Craft Pioneer Coopers Brewery of Australia

Craft Before the Name Existed

A recent article by Simon Evans in the Financial Review incisively described a recent reverse for a venerable Australian brewer, Coopers Brewery Ltd. in Regency Park, Adelaide. Sales have dropped in all but its home state of South Australia, Victoria and Western Australia included.

Long-time CEO Dr. Tim Cooper was quoted that the family-owned firm is caught in the crossfire of rapidly growing craft beer and aggressive marketing by the two major national brewers, Lion and CUB, both internationally-owned.

Coopers has 5% of the national market, the two majors, 88% between them. The rest is down to the burgeoning craft market and a few imports.

Tim Cooper has a plan to restore growth by boosting the company marketing expenditure; that together with new products, a Coopers Session and Coopers Dry, hopefully will turn things around.

The company had enjoyed 24 straight years of growth, so the situation is not so dire when looked at historically; and after all ancestor Thomas Cooper set up brewing in Adelaide in 1862.

The company has seen a lot of changes since then, including a period of share ownership by a major national brewer, but the family regained independence many years ago.

Coopers stuck commendably to top-fermentation for a long time, only by about 1970 did it add a lager. True, the ales had evolved in a way to resemble lager to a degree, but still they were traditionalist in a country that had otherwise given up on its British brewing heritage in favour of European lager methods.

I bought a six of Best Extra Stout, in production since the 1800s, in a sunny suburb rather distant from Coopers bailiwick, Boca Raton, FL. That Boca evokes an ethos rather familar to many Aussies adds an oddly satisfying note.

The stout was packaged six months ago per label details but tastes fresh as a daisy, due in no small part to skillful bottling with a yeast addition.

The stout is all-malt, unpasteurised, richly flavoured, in effect a taste of history. It is somewhat similar to the best versions of Guinness, but better IMO. Probably Guinness Extra Stout tasted like Coopers’ before the 1930s.

Coopers benefitted from the post-1970s worldwide interest in quality brewing and was promoted enthusiastically by beer authority Michael Jackson. Exports to the U.S. and Britain followed. The brands acquired a loyal following Stateside which they still have in some areas.

Coopers is one of the original models for craft brewing. Certainly its Extra Stout in any meaningful sense is a craft beer. It is far better than many stouts and porters of similar strength from craft breweries, frankly.

There is no raw scorched grain notes, often associated with use of roasted barley vs. patent barley malt, no black licorice notes (viewed as a fault by at least one 1800s commentator), and no non-hops flavouring. Oh, the bourbon barrels are left to others, as well.

The beer has a pleasant residual sweetness instead of the bone-dry quality of many craft stouts and porters, the latter imparted we believe under influence of the raw barley used in mashing Guinness.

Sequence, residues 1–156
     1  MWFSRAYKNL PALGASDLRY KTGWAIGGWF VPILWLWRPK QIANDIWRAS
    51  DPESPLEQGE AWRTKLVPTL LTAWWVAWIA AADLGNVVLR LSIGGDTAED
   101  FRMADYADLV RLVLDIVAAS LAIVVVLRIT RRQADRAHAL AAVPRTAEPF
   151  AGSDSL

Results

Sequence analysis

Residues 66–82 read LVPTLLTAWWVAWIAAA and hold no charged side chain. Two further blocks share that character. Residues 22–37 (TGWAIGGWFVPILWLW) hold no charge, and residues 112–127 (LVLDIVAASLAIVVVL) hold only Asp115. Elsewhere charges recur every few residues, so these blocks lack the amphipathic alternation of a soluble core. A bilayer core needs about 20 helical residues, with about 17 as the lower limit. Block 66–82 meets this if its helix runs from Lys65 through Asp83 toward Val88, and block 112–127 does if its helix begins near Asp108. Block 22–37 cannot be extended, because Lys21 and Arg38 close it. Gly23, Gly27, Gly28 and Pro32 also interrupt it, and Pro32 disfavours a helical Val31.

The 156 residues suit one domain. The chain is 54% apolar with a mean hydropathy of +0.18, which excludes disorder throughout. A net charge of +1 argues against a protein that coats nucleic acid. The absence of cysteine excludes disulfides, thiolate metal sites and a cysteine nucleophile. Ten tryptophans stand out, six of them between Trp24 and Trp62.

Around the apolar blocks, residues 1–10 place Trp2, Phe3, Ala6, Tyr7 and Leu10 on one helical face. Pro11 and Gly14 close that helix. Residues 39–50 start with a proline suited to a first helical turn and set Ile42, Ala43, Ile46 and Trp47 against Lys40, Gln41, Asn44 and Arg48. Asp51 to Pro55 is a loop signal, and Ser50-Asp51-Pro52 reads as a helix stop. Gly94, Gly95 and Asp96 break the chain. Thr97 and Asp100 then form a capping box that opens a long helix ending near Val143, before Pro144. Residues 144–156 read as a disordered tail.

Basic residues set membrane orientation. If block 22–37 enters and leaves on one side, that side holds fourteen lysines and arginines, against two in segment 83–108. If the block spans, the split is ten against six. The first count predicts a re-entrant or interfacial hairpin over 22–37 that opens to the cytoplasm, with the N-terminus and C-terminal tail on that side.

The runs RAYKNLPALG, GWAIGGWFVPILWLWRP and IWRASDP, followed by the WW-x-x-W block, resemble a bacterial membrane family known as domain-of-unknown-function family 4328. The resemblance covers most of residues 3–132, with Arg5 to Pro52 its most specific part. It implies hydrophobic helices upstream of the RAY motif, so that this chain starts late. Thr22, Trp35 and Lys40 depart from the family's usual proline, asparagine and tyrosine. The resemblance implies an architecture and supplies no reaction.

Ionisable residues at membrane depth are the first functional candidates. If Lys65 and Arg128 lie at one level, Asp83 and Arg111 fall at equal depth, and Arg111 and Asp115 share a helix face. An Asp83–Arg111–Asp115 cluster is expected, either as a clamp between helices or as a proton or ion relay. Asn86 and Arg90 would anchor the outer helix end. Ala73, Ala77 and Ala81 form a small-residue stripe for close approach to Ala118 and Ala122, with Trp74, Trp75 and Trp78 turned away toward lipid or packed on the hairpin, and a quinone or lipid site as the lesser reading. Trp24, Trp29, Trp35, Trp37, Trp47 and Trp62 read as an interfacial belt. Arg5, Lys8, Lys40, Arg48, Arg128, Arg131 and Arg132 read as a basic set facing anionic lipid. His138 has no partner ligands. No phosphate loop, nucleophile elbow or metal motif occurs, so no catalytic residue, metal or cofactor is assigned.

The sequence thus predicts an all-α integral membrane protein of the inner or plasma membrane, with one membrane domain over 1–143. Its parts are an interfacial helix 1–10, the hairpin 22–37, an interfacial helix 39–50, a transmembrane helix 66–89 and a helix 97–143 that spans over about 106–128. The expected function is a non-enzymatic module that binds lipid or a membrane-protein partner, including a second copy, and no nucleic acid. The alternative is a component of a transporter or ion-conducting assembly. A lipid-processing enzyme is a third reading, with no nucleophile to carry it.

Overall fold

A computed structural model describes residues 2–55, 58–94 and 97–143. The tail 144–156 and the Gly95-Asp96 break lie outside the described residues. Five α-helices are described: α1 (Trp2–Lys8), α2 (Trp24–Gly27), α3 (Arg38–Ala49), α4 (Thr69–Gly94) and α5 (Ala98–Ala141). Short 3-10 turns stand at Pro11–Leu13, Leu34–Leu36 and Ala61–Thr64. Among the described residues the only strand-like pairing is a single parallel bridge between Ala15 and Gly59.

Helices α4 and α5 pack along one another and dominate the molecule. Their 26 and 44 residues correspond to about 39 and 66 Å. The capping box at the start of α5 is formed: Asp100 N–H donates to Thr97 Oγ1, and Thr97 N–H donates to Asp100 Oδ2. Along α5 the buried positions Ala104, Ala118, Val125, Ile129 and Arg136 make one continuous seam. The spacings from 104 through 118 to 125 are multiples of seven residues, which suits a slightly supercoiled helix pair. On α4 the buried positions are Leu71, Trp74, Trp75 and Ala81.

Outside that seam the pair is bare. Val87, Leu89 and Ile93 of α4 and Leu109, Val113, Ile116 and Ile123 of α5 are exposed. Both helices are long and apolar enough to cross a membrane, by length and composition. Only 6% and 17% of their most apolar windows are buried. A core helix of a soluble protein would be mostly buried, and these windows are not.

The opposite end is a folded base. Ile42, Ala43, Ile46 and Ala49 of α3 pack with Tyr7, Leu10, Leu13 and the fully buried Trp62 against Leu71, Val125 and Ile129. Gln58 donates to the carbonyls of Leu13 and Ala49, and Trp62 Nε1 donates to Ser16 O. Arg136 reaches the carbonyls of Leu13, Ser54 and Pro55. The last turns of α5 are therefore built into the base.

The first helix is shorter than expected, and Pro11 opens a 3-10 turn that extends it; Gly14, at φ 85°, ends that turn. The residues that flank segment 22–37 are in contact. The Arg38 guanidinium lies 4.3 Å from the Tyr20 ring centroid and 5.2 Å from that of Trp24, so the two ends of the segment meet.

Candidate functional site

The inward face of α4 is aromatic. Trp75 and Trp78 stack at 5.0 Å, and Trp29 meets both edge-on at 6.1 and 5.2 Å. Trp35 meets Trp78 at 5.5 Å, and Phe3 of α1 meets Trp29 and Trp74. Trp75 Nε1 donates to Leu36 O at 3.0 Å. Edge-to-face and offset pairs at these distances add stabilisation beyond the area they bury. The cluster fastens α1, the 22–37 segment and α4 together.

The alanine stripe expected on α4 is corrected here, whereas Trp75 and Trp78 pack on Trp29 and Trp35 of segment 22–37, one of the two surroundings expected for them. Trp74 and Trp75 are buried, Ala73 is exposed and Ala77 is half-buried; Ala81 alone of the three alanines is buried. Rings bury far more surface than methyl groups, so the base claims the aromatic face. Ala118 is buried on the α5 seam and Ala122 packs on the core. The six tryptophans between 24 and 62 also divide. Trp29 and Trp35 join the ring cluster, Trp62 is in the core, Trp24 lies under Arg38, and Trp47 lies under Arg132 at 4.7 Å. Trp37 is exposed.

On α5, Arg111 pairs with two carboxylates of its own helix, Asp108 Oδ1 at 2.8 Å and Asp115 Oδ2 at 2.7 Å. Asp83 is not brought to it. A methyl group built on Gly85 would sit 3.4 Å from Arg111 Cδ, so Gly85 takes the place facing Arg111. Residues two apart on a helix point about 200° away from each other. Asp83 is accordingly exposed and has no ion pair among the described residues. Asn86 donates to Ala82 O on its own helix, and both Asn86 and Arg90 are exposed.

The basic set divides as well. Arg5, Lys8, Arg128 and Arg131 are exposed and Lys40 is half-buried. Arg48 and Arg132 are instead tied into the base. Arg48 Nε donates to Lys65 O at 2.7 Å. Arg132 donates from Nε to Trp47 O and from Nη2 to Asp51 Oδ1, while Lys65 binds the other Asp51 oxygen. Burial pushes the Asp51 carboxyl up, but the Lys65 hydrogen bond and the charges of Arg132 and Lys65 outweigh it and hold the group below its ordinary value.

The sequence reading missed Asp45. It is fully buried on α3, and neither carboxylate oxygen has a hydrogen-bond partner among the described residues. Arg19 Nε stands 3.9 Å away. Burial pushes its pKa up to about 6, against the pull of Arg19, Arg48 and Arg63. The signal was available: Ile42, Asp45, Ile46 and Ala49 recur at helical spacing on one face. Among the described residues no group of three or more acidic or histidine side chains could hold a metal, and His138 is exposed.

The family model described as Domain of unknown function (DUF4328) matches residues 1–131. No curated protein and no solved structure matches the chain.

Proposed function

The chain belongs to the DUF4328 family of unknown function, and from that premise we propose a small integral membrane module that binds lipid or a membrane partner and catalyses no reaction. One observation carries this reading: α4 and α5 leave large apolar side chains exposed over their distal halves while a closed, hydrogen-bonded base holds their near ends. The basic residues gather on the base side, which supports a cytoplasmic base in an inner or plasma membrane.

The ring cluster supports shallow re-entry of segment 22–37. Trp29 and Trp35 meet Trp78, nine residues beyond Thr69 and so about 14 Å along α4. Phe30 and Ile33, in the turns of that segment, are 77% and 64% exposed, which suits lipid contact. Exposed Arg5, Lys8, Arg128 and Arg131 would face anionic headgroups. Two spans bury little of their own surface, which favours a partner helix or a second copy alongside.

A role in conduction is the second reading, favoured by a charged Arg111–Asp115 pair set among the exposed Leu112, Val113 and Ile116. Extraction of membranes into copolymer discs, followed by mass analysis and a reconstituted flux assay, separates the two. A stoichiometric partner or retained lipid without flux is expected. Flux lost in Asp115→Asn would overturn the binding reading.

Many pre-craft, smaller breweries that influenced craft brewing transitioned well to the new environment. The symbiosis is entirely apt given their history, if indeed only due to their scale.

Yuengling did it, Saratoga, Cold Spring, Fuller, Samuel Smith, Greene King, numerous Belgian breweries of course, and others. It seems Coopers has not positioned itself this way, yet it deserves the respect and purchasing dollar of the crafterati every bit as much as those.

Need I add that Coopers has its own, now state-of-the-art maltings? That it has long supported home brewing with its widely popular homebrew kits and malt extract line?

If all this does not spell an exemplary brewing heritage, tell me what does.

Support the company, people. Yes, there are countless brews to choose from today but if Coopers loses its independence one day or even disappears from the market – perish the thought – much will have been lost.

In Toronto where I am normally based, I would be happy to buy the beers but we do not get them at present. Even when we did, it was just the Sparkling Ale, certainly an excellent product when very fresh but one of numerous estimable products in the current line. We need to see a range of the beers, hark LCBO.

 

 

2 thoughts on “Craft Pioneer Coopers Brewery of Australia

  1. I think “caught in the crossfire” is only part of Coopers recent problems. Not only were they Craft before the name existed, they were Boutique before that name existed (because that’s what the late 80s uprising in Australia was called. But most of their good beers (red, yellow, vintage) are old and their newer releases have failed to engage the more adventurous drinker. When they released a 150th anniversary beer they could have made a special version of their stout (a 10%er or one aged in Adelaide Hills shiraz barrels for example) or strong ale but instead made just another 5.2% amber. I quite like it but wasn’t ever going to draw attention from the young craft folk. Perhaps the session ale will fare a little better – it at least has (some) newfangled hops.

    The other problem for them was the boycott. In what what might generously be called a misjudgement, Coopers associated themselves with a “polite” debate during the marriage equality campaign, appearing to sponsor two Liberal Party politicians (the Liberals being the major party of the right in Oz) discussing the issue. Many people concluded that Coopers are reactionaries and their beers disappeared from a fair few pubs and cafe fridges. I suspect some permanent damage has been done.

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